Saturday, 12 February 2011

Cycling into the news

"Illegal" parking shows popularity of
Cycling; but government doesn't
support it.  From
Designing HK.
The letter I wrote to South China Morning Post on 28 January led to the letters editor writing to me with some questions, which I answered, then to contact from the  chairman of the Hong Kong Cycling Alliance, which I copy below.
Then there was an editorial on bicycles for Hong Kong, in the SCMP of 7th Feb, and an article yesterday by Martin Turner yesterday (pdf's below).  So seems things are moving along a bit, and it would be great if there could be some movement on two issues:

  • (1) A bike path round the whole of Hong Kong island.  This would actually be "easy" do to, in that it "just" requires the government to say "make it so", and it can happen.  As Martin notes, lots of the land on the north side is government land and/or unused.  And 
  • (2) Electric bicycles: changing licencing laws (the Transport Regs) to allow us to ride these in Hong Kong. Which, btw, we still ride around here in DB, "hoping" to be nabbed by a policeperson so that we can have a test case in court.  But DB is so safe that the police are rarely even here...... sigh.....  See my submission to the Department of Transport here.

Copies of recent corro:
Hi Martin,
I’ve not done much about bicycles lately, but glad to be in touch and help if I can, esp re electric bicycles. I’ve also thought a nice strategic goal for the government would be to aim for a cycle path right round Hong Kong Island!  Just think what that could do, to focus the minds....  Did you see Tom Holland’s Monitor piece in today’s SCMP, re the government locking bicycles up?
I did a submission to the government a couple of years back, on e-bikes, here 

(If you can’t access the link, I can send you the PDF).  The government sent a non-committal response, and I got caught up with other stuff so didn’t pursue it.

BTW: John Lee the letters editor of the SCMP has asked me for more details re the letter I sent (about helmet laws), and here’s my response to him here below.  He hasn’t run the letter yet, though I’m guessing he may.


Dear John [Lee, Letters editor, South China Morning Post]

Re your question as why there were increased hospital admissions after helmets were made compulory, from the quick research I’ve done, there appear to be at least four reasons:

(1) Risk compensation: “One possible explanation [for more injuries after helmet laws introduced] is risk compensation. Cyclists feel protected by helmets and so may tend to take more risks.... In the US... increased helmet use is associated with an increased fatality rate”.  (from P.7 of article referenced in next para).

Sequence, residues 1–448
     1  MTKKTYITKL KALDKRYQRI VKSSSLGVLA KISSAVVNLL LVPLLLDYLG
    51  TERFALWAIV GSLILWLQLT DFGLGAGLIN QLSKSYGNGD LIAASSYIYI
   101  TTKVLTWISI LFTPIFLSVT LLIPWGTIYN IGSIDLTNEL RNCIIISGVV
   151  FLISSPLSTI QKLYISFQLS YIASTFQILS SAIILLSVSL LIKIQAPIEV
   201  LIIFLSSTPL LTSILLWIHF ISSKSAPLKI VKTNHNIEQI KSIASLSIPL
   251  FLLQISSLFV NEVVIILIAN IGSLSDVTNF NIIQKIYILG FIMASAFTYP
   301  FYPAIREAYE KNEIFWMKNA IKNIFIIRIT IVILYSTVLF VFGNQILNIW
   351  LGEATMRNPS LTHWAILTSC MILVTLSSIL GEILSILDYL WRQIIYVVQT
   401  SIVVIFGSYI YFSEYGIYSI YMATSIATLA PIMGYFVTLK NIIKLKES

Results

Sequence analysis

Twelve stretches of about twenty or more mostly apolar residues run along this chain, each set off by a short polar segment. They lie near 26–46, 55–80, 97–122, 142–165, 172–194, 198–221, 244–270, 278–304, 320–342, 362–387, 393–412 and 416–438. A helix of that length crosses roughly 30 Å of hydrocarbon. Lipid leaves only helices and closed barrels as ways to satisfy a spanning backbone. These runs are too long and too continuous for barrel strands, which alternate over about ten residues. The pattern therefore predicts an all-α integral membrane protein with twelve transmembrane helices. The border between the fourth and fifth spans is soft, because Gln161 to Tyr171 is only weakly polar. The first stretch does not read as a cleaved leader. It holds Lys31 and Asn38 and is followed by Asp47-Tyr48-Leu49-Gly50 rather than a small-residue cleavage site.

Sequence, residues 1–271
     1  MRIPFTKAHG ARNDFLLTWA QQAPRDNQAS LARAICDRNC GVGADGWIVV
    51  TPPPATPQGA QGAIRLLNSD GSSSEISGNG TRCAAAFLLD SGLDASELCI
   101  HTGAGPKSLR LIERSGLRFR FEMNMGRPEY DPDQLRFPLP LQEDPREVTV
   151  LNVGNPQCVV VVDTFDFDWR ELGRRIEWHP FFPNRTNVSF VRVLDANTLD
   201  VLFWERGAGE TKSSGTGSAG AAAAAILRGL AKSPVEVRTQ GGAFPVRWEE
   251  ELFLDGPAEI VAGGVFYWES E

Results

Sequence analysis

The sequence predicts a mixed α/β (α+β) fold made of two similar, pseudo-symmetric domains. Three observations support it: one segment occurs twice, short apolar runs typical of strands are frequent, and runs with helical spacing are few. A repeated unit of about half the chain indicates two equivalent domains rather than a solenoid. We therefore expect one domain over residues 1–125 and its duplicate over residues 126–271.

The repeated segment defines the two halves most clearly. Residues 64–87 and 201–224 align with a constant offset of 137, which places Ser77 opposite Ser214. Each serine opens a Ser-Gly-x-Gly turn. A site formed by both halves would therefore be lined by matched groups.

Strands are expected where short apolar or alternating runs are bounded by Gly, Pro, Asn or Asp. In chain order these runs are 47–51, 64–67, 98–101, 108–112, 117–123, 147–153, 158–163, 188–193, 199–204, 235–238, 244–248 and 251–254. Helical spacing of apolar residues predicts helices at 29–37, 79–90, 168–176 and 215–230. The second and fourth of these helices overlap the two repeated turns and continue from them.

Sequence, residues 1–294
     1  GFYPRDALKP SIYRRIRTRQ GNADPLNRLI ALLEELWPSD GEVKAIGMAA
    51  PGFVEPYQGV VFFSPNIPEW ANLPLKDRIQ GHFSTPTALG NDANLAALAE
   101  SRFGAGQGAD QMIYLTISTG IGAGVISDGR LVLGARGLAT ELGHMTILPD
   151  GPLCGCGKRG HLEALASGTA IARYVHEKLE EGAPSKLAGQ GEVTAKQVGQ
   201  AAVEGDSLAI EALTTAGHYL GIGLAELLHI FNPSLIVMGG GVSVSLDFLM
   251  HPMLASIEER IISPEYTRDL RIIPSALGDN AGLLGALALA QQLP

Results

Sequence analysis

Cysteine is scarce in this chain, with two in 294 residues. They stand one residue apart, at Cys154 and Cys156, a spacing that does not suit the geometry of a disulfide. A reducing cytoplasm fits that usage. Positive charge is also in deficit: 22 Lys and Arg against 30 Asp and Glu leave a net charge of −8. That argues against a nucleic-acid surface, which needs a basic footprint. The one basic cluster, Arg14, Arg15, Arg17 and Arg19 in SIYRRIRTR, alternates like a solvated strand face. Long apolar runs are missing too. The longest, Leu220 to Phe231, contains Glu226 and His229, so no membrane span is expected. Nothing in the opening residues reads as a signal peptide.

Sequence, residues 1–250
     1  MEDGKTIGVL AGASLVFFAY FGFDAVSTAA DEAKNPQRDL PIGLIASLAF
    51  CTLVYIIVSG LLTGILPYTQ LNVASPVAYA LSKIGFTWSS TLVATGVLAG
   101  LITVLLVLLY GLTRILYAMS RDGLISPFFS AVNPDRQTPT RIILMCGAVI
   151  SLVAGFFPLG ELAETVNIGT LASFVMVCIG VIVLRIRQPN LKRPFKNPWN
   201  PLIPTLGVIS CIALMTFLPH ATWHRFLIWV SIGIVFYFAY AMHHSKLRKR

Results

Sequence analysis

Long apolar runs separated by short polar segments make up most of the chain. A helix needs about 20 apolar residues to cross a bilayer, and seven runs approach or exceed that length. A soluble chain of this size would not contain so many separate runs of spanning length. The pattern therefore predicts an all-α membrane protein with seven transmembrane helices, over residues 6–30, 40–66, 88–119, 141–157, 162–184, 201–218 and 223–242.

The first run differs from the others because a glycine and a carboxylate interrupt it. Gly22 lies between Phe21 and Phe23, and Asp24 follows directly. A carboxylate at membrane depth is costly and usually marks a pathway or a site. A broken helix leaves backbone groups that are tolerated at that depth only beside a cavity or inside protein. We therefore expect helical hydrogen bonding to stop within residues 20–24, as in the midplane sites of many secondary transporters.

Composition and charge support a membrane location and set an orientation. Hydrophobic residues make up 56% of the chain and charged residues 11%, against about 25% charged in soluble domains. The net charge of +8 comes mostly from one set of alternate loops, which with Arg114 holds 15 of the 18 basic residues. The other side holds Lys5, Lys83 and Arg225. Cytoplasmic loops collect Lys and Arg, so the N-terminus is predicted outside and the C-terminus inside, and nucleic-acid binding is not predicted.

(2)  Number of cyclists: There’s also an effect from the increased number of cyclists: it’s an inverse relationship: the more cyclists, the safer for individual cyclists; since there were fewer cyclists after the helmet law, there was a corresponding increase in the per-cyclist number of injuries from cars. There’s much more detailed discussion of this in the paper.   (“Head injuries and bicycle helmet Laws” by Professor D.L.Robinson, 1999.  This is a PDF, accessed off the site, and not a link though I can send the PDF if you like.)

A later study in the British Medical Journal (2006) supports this judgement: it concludes that the overall drop in number (not rate) of injuries after helmet laws was due to the reduction in number of cyclists, not because of injury prevention afforded by the helmets.  That one is viewable online, here.

(3)  Behaviour of motorists: The University of Bath study of 2006 suggests that “Wearing a helmet puts cyclists at risk”.  The reason appears to be that cars go closer to cyclists when they see they are wearing a helmet.

(4)  Increased area that can be struck: Another possible cause includes a doubling of the head size likely to make impact — due to the size of the helmet — increasing likelihood of rotational brain injury.  (I don’t have a reference for this one).

All this sounds counter-intuitive, I know, but there it is. I just happened to have been reading about bicycle helmet laws, when I saw the article about Andrew Cheng Kar-foo’s proposal to make them compulsory  and I realised that there’s more to it than meets the eye..

On 02/02/2011 5:02 PM, "Hong Kong Cycling Alliance"  wrote:


I was very interested to see your advocacy  of electric bikes in Hong Kong.

At Hong Kong Cycling Alliance, we are working to have cycling encouraged and enabled by the government. We are surprisingly hopeful that Hong Kong can catch up with so many other cities that have embraced cycling over the past decade or two.

Electric bikes can surely have a role in that change.

I also concur with your doubt of the efficacy of mandatory cycle helmet laws.

It would be good to be in touch with you.


Martin Turner
Hong Kong Cycling Alliance

"Cycling the path to a vibrant harbourfront", Martin Turner, South China Morning Post, 11 Feb 11. PDF.
"Accidents highlight need to create cycling culture", Editorial, South China Morning Post, 7 Feb 11. PDF.